Blaine's sister has told me that Dr. Lola Mays became interested in New Thought in her native state of Kentucky before Blaine was born. She had heard about it through one of her school leaders. She had thereafter attended an early INTA Congress held in Nashville, Tennessee. So Blaine's roots in New Thought might be considered prenatal. One wonders how New Thought found its way into the South so long ago. But since Truth is universal, it has its own ways and means of reaching those of us in the South who were destined to become a part of the New Thought movement, and help carry forward its message.
Blaine's many contributions to the New Thought movement are too numerous to recount individually. He's traveled the world, lecturing for INTA. He's known most of the greats among the members and leaders of INTA. This began in 1949 when he attended his first INTA convention in Los Angeles. There he met Dr. Ernest Holmes, E.V. Ingraham, and many others whose books are still published by DeVorss & Co.
Outside the Mays Family, I have not heard of anyone still active in INTA whose attendance at its annual Congresses goes back that far. Certainly there is no former President of INTA left who could claim that distinction. Both Ernest Holmes and his brother Rev. Fenwicke Holmes were members of INTA as early as the 1930s. Blaine had later known them. He had first studied New Thought with Dr. Ernest Wilson in Los Angeles in the 1940s prior to the era when Dr. Wilson was President of INTA.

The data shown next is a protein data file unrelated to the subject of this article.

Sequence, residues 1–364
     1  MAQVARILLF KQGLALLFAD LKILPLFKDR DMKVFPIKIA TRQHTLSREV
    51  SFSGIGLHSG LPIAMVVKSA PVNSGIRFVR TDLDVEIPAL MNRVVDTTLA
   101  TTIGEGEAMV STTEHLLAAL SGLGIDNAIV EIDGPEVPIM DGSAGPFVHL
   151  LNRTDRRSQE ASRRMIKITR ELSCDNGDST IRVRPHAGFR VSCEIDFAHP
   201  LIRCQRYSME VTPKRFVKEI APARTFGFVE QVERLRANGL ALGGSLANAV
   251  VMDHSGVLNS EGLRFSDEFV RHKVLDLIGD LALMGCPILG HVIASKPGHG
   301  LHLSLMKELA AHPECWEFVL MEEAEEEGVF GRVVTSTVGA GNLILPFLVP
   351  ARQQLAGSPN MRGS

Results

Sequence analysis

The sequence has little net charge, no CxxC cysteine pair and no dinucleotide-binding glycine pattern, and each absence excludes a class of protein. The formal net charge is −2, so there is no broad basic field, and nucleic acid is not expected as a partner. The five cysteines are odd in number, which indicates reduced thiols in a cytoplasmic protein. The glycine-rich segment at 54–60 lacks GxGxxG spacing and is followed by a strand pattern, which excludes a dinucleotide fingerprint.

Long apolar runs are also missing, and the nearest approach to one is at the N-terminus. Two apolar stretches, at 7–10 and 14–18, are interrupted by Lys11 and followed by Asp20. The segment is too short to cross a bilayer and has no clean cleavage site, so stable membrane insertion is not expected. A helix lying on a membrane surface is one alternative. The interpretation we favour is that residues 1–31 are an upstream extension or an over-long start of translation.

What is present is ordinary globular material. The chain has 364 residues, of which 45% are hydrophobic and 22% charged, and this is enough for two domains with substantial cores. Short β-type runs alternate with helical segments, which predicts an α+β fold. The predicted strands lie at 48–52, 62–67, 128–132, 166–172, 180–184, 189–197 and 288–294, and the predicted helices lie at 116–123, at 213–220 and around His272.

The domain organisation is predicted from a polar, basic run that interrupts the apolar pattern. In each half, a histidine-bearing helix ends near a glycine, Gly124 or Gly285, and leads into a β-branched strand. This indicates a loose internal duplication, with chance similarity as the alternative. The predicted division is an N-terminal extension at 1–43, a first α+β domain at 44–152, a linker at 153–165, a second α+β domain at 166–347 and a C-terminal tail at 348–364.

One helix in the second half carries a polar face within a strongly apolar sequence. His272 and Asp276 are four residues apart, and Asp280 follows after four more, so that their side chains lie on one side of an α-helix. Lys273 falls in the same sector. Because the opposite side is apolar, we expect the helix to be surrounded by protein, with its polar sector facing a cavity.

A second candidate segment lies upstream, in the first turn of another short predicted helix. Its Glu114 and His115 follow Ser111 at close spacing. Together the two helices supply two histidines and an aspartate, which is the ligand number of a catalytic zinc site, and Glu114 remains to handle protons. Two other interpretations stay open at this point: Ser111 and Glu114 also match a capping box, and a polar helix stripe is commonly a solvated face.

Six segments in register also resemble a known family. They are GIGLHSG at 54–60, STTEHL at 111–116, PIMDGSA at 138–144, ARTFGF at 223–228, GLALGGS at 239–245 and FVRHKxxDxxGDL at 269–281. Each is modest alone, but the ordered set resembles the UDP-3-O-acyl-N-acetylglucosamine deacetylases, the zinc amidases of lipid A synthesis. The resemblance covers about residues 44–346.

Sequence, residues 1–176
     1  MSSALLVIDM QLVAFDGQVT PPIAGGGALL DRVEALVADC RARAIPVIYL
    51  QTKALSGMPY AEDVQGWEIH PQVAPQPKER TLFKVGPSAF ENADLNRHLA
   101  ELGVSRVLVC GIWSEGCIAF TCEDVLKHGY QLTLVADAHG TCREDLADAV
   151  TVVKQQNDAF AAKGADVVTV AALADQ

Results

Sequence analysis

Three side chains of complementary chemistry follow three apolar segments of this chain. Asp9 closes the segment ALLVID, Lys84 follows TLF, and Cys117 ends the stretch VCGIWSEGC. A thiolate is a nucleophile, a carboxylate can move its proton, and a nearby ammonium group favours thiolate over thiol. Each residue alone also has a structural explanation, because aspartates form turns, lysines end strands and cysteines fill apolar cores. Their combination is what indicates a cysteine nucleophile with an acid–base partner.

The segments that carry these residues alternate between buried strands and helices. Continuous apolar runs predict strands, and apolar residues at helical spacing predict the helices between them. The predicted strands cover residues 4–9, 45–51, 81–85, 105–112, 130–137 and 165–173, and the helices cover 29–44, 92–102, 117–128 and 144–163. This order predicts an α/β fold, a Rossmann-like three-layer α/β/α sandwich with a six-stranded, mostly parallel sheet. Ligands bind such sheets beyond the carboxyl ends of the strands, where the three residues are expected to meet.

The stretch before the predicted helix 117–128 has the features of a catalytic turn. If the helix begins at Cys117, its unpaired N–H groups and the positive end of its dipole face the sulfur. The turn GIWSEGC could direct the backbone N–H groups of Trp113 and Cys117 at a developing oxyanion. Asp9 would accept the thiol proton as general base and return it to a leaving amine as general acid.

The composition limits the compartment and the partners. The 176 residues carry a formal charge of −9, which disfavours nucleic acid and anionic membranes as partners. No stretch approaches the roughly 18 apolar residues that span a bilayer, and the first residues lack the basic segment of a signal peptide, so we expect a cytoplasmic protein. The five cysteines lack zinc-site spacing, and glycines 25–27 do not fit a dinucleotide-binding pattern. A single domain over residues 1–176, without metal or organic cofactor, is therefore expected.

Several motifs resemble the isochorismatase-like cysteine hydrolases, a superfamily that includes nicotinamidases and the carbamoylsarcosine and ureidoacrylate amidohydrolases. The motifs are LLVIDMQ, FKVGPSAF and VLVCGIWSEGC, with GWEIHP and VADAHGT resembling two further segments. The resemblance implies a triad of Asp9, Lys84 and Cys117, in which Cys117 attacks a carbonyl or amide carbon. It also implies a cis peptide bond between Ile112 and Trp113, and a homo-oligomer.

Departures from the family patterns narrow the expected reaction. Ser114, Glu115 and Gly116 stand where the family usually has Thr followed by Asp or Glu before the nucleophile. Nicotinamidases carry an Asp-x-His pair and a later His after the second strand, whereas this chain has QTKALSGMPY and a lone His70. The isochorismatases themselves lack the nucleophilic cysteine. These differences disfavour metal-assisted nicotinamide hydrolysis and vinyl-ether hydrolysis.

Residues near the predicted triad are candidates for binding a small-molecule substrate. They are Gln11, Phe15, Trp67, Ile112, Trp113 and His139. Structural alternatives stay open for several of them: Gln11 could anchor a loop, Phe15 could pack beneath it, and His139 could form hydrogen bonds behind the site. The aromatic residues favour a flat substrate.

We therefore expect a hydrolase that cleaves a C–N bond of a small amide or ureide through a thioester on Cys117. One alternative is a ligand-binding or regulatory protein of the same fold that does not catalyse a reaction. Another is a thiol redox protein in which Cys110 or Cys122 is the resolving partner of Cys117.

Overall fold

Perhaps one of Blaine's greatest contributions to New Thought is one that is especially unusual: We have had a number of INTA Presidents who personally told me that their study of New Thought made them wealthy. And I am sure that each one, in his own way, used his New Thought wealth to help INTA in whatever way seemed appropriate during his tenure.
Yet only the Mays family has put their money where their mouth is by sharing some very valuable property in the Mesa suburb of Phoenix for INTA's world headquarters and archives. This gift has given a steadiness and stability that has been needed as a foundation for the continuing growth of INTA as we enter a new century.
I have suggested to Blaine that he write his own memoir of his New Thought experiences, and of the many leaders and lay persons who have been helped by its message during the past fifty years in which he has been active. I realize, with his many INTA responsibilities, both at home and abroad, that such a task could be daunting, time-wise. Otherwise, it would be a piece of cake for Blaine to relate so many wonderful memories of leaders who have touched all of our lives during the last half of the twentieth century and into the twenty-first.
Perhaps you'll join me in encouraging Blaine to share fifty years of New Thought memories with us. It is true: "We all stand on the shoulders of the spiritual giants who have gone before us." Blaine has known most, if not all, of them in the New Thought movement during the last half of the twentieth century. And quietly, somewhere along the way, he has joined them!
(Excerpt — New Thought Magazine - Spring 2001)